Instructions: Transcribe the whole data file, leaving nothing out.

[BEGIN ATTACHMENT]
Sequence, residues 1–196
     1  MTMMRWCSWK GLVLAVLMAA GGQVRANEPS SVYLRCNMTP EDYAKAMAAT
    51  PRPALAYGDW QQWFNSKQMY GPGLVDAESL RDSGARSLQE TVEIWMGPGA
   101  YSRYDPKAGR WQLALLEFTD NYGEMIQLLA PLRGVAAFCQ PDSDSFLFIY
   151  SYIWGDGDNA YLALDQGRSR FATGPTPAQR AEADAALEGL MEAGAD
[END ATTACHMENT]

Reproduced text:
Sequence, residues 1–196
     1  MTMMRWCSWK GLVLAVLMAA GGQVRANEPS SVYLRCNMTP EDYAKAMAAT
    51  PRPALAYGDW QQWFNSKQMY GPGLVDAESL RDSGARSLQE TVEIWMGPGA
   101  YSRYDPKAGR WQLALLEFTD NYGEMIQLLA PLRGVAAFCQ PDSDSFLFIY
   151  SYIWGDGDNA YLALDQGRSR FATGPTPAQR AEADAALEGL MEAGAD